With the BrickBlock model, you can imagine tokens as the electronic equivalent of shares. As SingularDTV supporters are likely already aware, blockchain makes it possible to buy, sell or trade these electronic tokens and assets with less friction. This eliminates entry barriers and geographical restrictions, allowing, for example, investors to buy real estate in markets they might have previously been excluded from. It also means lower costs and increased tradability: Brickblock’s PoA (that’s Proof of Asset) tokens can be bought/sold/traded on the secondary market.
Brickblock is definitely one to watch in the blockchain space, having just completed the private alpha sale of the world’s first tokenized real estate asset. At the end of Q1, 2018, Brickblock aims to publicly sell the world’s first tokenized real estate asset. This will allow you to buy tokenized shares of an apartment in one of Germany’s hottest real estate markets. A world first, happening here in Berlin!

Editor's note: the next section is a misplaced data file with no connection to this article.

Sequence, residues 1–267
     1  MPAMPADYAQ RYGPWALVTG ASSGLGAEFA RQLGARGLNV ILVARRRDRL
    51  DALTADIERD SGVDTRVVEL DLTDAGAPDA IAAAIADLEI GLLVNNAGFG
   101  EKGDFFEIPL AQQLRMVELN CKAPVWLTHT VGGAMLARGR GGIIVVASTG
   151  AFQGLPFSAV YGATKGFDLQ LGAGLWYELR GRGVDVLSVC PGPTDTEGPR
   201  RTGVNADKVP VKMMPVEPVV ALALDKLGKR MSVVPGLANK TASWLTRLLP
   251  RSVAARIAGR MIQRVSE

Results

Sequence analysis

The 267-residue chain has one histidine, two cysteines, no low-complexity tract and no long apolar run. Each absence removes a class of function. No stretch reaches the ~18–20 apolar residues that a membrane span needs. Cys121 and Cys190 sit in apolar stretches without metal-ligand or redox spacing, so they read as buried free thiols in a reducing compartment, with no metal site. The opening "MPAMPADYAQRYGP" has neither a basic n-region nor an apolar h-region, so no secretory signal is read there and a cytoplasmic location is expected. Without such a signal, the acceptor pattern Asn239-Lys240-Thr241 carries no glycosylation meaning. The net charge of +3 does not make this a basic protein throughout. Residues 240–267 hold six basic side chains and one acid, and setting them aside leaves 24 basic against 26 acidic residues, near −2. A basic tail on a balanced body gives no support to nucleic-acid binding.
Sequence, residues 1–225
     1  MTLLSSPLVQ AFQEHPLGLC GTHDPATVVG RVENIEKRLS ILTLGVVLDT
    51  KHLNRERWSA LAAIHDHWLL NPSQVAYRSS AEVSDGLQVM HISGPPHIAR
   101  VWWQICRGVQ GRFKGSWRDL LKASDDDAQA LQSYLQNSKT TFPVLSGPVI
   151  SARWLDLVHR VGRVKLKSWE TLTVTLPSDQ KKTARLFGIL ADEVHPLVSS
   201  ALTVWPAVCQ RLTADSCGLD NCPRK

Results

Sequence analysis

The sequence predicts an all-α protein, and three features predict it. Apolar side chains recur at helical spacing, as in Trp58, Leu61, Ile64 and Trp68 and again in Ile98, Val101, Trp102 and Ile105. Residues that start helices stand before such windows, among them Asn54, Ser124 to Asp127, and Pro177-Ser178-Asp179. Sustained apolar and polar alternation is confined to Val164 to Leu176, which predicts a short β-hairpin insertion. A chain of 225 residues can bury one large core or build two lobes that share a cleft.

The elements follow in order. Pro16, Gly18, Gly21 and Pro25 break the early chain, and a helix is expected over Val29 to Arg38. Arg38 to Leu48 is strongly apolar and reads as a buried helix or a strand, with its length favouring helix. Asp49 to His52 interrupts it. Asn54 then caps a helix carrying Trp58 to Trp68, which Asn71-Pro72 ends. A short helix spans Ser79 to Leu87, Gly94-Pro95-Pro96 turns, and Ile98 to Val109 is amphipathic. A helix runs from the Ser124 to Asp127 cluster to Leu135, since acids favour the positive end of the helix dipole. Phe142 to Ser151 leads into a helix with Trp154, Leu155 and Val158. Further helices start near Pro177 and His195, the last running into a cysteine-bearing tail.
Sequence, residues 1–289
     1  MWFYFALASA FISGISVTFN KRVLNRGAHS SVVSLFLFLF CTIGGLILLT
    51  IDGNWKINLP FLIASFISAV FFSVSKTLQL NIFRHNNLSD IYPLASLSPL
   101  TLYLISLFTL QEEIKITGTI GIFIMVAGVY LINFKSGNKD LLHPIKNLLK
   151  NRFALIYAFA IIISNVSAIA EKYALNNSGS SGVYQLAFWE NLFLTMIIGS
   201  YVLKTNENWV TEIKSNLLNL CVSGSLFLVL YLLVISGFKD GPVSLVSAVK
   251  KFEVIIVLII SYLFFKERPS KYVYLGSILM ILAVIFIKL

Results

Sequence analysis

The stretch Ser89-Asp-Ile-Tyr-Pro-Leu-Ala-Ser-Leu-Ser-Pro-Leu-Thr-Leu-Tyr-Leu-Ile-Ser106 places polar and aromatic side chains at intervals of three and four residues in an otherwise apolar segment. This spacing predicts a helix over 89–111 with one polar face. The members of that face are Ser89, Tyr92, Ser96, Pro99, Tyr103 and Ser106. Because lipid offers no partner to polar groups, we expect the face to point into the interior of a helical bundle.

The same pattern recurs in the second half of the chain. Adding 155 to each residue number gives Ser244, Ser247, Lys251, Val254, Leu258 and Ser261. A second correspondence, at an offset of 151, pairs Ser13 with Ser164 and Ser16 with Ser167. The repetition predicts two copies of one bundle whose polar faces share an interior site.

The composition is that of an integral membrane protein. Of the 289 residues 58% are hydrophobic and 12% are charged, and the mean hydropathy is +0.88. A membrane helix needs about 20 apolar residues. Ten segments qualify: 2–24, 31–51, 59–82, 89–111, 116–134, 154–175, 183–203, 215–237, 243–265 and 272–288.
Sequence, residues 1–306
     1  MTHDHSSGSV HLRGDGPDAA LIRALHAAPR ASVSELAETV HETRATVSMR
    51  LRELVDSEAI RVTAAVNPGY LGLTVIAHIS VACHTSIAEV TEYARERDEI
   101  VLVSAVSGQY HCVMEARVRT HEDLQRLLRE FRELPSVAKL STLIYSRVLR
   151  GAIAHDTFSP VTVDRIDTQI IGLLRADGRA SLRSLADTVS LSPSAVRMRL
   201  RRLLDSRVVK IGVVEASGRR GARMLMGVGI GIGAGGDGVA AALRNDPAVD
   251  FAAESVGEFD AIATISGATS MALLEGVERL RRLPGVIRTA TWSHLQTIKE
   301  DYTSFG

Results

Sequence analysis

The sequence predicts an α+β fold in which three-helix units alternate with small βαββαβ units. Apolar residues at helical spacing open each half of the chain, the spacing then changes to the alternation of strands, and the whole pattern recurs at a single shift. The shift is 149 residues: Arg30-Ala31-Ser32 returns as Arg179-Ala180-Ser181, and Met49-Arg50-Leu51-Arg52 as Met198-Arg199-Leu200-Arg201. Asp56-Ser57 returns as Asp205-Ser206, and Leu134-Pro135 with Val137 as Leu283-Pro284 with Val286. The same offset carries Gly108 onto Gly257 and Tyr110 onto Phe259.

Dating as a Service from a woman-led startup
This month’s GTEC-organised Women’s Day Breakfast at WeWork Berlin was one to remember as it introduced me to a very provocative dating concept: paid dates.